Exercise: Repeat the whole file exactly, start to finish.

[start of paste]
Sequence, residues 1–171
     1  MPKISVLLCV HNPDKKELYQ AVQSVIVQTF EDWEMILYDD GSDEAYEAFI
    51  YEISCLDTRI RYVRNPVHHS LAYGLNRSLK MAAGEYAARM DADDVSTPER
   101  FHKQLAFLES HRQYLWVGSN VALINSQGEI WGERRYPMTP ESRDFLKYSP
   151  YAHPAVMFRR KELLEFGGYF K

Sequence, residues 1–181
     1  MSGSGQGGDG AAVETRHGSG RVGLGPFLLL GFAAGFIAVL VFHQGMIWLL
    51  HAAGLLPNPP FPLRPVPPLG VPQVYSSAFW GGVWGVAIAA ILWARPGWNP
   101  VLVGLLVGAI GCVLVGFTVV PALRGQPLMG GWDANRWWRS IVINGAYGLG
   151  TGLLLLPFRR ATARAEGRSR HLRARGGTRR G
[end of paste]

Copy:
Sequence, residues 1–171
     1  MPKISVLLCV HNPDKKELYQ AVQSVIVQTF EDWEMILYDD GSDEAYEAFI
    51  YEISCLDTRI RYVRNPVHHS LAYGLNRSLK MAAGEYAARM DADDVSTPER
   101  FHKQLAFLES HRQYLWVGSN VALINSQGEI WGERRYPMTP ESRDFLKYSP
   151  YAHPAVMFRR KELLEFGGYF K

Sequence, residues 1–181
     1  MSGSGQGGDG AAVETRHGSG RVGLGPFLLL GFAAGFIAVL VFHQGMIWLL
    51  HAAGLLPNPP FPLRPVPPLG VPQVYSSAFW GGVWGVAIAA ILWARPGWNP
   101  VLVGLLVGAI GCVLVGFTVV PALRGQPLMG GWDANRWWRS IVINGAYGLG
   151  TGLLLLPFRR ATARAEGRSR HLRARGGTRR G